Life & Letters

Correspondence

About this Item

Title: Walt Whitman to Louisa Van Velsor Whitman, 28 April–4 May 1868

Date: April 28–May 4, 1868

Source: The transcription presented here is derived from Walt Whitman, The Correspondence, ed. Edwin Haviland Miller (New York: New York University Press, 1961–1977), 2:30–32. For a description of the editorial rationale behind our treatment of the correspondence, see our statement of editorial policy.

Location: Walt Whitman Collection, 1842–1957, Rare Book & Manuscript Library, University of Pennsylvania

Whitman Archive ID: upa.00159

Contributors to digital file: Kenneth M. Price, Elizabeth Lorang, Zachary King, and Eric Conrad




Attorney General's Office,
Washington
Tuesday afternoon
April 28, 1868

Dearest mother,

I have received your letter of Saturday 25th this morning, & glad to hear from you indeed—I suppose by this time you have rec'd the letter I sent yesterday 27th1—I sent you the Galaxy, but I see by your letter that George had already bought one. I have seen the piece in Thursday's Times2—John Swinton sent me one—so you can enclose it to Jeff—I have just received a letter from England, enclosing other notices, &c.—Mr. Conway is very friendly—but my friend Col. Hinton,3 (in his letter some weeks ago in the Rochester Express,) has given him, Conway, some pretty sharp cuts about his ridiculous anecdotes of me & you too4—Still Conway seems to mean all the good he can. But such descriptions of me as, "he was never known to smile or laugh," is altogether too jolly—dont you think so?



Well, mother, I will again write a few lines—I have been out most all the afternoon—went up first to the Impeachment trial, & heard Mr. Evarts5 speak a while, & then left, for it seemed too pleasant outdoors to stay in there—I took a long walk, & ride in the cars away out in the suburbs, & so back to dinner, & now this evening another walk—& have fetched in here at the office, to sit awhile, read the paper &c.—I received to-day another letter from old Mr. Alcott6—I sent him the Galaxy with "Personalism"—& he compliments me highly, & speaks of Mr. Emerson too & his friendliness to me—We have had a warm but very pleasant day—I am feeling very well—I only hope, dear mother, you are feeling well & in good spirits.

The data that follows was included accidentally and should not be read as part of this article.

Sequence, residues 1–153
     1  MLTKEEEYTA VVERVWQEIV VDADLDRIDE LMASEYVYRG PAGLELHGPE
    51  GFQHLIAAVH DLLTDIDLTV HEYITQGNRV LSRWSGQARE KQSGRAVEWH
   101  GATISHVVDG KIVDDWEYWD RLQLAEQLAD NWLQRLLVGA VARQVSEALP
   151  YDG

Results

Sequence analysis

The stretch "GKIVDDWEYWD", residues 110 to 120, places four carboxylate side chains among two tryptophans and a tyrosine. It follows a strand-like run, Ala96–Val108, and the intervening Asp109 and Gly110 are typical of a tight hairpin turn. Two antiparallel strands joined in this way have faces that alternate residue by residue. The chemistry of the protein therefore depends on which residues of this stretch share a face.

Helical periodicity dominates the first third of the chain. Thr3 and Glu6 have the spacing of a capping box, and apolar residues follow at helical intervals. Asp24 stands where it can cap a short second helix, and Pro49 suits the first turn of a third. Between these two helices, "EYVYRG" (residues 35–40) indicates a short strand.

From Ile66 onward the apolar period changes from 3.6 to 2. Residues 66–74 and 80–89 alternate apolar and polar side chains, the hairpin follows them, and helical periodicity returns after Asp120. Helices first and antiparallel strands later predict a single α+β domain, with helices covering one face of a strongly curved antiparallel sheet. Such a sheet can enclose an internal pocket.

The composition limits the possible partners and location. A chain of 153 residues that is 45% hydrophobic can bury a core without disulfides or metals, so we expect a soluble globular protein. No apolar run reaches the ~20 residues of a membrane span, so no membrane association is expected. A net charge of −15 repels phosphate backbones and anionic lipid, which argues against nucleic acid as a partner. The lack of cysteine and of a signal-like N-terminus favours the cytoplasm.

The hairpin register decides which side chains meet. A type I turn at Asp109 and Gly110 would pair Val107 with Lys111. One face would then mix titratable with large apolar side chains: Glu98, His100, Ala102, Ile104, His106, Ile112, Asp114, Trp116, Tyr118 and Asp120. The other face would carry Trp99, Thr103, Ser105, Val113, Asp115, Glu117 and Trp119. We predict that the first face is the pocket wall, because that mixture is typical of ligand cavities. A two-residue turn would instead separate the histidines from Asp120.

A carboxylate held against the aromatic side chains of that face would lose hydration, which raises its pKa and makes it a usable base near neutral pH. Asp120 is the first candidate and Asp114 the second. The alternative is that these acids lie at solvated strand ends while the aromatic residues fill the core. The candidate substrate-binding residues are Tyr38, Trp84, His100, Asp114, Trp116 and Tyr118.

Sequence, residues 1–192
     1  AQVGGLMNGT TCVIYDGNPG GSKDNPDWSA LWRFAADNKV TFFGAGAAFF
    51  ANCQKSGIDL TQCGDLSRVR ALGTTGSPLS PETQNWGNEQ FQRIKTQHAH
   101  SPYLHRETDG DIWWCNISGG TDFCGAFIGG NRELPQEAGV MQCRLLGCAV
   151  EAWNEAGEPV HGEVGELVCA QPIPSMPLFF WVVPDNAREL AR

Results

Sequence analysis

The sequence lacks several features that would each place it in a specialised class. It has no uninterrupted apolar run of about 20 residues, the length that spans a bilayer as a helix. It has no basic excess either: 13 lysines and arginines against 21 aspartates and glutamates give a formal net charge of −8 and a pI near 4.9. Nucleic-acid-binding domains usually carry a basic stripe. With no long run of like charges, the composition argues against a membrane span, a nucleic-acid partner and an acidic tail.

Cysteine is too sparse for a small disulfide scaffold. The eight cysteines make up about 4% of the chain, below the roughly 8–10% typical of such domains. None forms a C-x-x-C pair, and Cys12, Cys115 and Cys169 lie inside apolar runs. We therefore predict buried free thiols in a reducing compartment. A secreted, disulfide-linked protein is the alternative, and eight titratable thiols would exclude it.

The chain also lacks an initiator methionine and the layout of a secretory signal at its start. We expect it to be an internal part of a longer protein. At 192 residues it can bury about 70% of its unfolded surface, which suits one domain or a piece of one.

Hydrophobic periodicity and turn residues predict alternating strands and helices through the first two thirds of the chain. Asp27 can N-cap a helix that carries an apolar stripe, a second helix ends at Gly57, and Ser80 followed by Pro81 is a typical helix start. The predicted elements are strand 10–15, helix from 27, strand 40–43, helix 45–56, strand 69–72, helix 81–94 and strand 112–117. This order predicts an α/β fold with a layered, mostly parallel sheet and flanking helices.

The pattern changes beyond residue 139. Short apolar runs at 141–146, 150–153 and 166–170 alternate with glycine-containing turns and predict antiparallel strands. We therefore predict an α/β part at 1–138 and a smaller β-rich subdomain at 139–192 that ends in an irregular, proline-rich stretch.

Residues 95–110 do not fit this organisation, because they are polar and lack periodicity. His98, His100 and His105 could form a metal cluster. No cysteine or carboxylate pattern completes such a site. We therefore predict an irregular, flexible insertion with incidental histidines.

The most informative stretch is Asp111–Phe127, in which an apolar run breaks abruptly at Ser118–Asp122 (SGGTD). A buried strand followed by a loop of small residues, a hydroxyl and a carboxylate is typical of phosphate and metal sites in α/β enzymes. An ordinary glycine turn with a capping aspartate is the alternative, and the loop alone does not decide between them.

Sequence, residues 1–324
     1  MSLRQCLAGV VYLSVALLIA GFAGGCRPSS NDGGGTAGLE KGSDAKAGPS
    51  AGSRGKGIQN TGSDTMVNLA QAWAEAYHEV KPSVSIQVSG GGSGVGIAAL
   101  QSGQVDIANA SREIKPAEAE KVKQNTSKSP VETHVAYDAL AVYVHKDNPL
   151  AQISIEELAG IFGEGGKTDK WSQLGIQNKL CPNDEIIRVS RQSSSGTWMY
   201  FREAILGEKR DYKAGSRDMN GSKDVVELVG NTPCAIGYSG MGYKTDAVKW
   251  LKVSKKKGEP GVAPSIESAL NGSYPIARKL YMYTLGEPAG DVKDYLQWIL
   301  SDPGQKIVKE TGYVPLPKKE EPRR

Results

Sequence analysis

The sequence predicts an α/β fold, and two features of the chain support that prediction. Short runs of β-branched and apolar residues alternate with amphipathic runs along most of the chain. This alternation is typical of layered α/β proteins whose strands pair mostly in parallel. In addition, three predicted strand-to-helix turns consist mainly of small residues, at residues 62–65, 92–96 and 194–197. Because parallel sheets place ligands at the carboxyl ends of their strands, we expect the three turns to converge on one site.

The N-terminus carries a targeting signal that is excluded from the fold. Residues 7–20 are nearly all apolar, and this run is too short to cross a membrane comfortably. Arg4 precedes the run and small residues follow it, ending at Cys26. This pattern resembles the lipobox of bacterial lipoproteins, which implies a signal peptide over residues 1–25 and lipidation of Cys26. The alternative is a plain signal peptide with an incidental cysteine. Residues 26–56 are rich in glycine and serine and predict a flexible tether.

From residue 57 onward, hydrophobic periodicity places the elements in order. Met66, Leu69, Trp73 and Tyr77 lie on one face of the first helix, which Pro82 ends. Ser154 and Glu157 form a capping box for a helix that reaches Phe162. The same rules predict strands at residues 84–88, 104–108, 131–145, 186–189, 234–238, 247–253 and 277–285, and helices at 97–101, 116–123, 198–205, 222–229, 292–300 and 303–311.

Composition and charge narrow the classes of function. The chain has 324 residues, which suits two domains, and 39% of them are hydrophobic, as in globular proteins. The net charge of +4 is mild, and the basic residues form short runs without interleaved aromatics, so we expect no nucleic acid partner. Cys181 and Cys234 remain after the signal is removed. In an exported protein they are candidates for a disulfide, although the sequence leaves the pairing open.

Mother, your letter of Wednesday, 29th, came this forenoon—it was too bad you didn't get mine Tuesday, as I put it in the P. O. myself Monday—So you are not going to move at present—I too remain in the same place, but have been going to move all winter & the spring too—I have been in the office all day to-day—all the rest of the clerks wanted to go up to the Impeachment trial, but I didn't care to go.

I have received another paper from England to-day, with a tremendous big favorable notice of my book, between three & four columns, one of the friendliest notices yet written.7 The English publisher of my book, Mr Hotten, sends them to me—

Saturday, noon—I am going off for the afternoon—Mr. Stanbery8 is to speak on the trial, & I may go in & hear him a few minutes, but I guess I shall spend my half-holiday mostly in jaunting around in the open air. Every thing begins to look like summer here—the trees are all green—we are having it pretty warm to-day, but a little hazy—it is now 12 o'clock—the noon-bell has just rung, & I am off for the rest of the day—Take good care of yourself, dear mother—

Sunday afternoon—Mother, you see I am determined to make you out a letter—I have been sitting here in the office all alone, fixing up my new piece9 for the Galaxy—for I have still another piece, besides those that have already appeared—Two have appeared, & now this is the third one, addressed to the literary classes—I want the Galaxy folks to print it in the July number, but they havn't sent me word yet whether they will or no. It is a pleasant day—we have had quite a rain storm yesterday afternoon & last night—I am going out at 6 o'clock to O'Connors to tea—Mother, I hope you are having a pleasant Sunday.



Well, I had a quiet, agreeable sort of Sunday—wrote & read most of the forenoon, & rambled out in the afternoon—& went up to O'Connor's in the evening—he had two or three others there, visitors—O'Connors & Burroughs's are very hospitable to me, the same as they always have been—they are almost the only places I go—I send you a couple of papers same mail with this—I am going to send the MS of my piece to the Galaxy to-day, as I have just rec'd a note from them by mail this morning10 —I suppose George is well, & busy—I should like to see you all. Love to you, dearest mother—I will write again next Monday.